They are reasonably well in hand. We think that there is a great future in the oil shale development. I would doubt that in this immediate crisis that you could expect any great acceleration.
But if at any time our petroleum supply should be threatened more than it is now, the need should become greater. In any event just as the processes develop, you can expect further action in that field. But I don't think it is imminent now.
Q. Sir, earlier this week Budget Director Schultze said the administration hopes to squeeze out between $1 1/2 billion and $2 billion from the administrative budget. Could you share with us your thinking as to where some of these cuts might come?
THE PRESIDENT. Yes, from the 15 appropriation bills sent to the Congress--two of which have been passed. We are examining them now. There is little indication that much in the way of savings can come from them.
We have talked to the Chairman of the Appropriations Committee of the House, where they originated, last week. Mr. Mahon was here earlier in the morning. We have pointed out the problem we have. We have urged the leadership to set a target date for getting those appropriation bills to us so they can be examined.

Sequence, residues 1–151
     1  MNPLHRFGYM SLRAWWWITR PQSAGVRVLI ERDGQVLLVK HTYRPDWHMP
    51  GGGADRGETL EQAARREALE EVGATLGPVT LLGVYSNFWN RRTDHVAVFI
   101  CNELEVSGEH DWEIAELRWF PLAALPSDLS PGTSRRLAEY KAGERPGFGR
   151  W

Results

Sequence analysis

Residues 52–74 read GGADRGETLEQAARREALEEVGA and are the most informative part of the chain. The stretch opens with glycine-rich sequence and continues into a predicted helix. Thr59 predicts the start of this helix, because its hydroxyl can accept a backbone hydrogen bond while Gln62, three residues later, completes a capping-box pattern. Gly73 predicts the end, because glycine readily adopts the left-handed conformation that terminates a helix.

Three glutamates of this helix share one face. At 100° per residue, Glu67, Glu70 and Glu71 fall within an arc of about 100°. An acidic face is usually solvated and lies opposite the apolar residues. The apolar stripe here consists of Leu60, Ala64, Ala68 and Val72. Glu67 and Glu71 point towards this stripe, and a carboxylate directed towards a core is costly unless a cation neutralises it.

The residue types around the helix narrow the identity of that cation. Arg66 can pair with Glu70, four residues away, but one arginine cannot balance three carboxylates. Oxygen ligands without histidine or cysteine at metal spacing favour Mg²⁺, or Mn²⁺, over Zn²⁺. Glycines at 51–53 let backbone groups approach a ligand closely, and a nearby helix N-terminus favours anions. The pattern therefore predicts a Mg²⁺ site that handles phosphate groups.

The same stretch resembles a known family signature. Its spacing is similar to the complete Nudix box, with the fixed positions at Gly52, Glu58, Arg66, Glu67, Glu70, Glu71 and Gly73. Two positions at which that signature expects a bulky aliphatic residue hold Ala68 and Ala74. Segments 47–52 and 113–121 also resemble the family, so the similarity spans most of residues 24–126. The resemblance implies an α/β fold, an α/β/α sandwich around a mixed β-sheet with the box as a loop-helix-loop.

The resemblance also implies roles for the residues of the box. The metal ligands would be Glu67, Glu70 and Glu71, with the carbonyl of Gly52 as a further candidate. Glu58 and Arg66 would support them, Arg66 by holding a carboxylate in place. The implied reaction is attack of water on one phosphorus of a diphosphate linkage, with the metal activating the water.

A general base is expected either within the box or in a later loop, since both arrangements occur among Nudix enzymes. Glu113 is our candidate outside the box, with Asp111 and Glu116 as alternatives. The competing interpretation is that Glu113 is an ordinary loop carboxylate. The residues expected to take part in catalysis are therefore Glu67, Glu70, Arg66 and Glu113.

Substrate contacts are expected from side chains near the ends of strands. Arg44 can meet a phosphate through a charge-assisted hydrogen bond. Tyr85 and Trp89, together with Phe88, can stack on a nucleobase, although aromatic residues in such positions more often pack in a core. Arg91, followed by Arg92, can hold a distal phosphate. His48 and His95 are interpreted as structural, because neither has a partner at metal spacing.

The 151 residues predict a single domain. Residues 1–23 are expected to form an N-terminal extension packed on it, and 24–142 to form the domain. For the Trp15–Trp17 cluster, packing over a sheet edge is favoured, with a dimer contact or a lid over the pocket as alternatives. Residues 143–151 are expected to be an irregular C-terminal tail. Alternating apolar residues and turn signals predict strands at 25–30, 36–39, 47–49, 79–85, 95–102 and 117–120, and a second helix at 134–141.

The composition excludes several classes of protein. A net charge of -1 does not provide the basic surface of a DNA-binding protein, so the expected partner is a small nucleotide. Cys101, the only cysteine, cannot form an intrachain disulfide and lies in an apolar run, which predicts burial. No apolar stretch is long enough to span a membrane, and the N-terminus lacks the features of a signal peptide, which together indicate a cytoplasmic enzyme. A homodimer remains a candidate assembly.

There are about $61 billion worth of nondefense expenditures in the budget. We would expect to have to get the Congress to reduce many hundreds of millions--perhaps several billions in those appropriations. If the Congress fails to do it, we will have to see where it fails--what bills contain the money we think can be reduced and that have the lowest priority--and then act.
Each department has been instructed to immediately contact the chairmen of its subcommittees and urge them to take action on the bill. When those reductions are made by the Congress, if they are not sufficient, then the Executive is pledged to make further reductions.
We believe we should try to keep our borrowing within 50 percent of the anticipated deficit. We hope that we can get a tax bill that will raise about $7 billion-plus. That will amount to about 25 percent of the anticipated deficit.
Then we believe by refusing to pass certain measures that have been proposed--and are pending--by taking action on other measures that the House has reduced, by reducing several billion ourselves, the Congress and the Executive can reduce the anticipated deficit by some 20 or 25 percent in withholdings, deferments, impoundings, and actual cuts.
Thank you, Mr. President.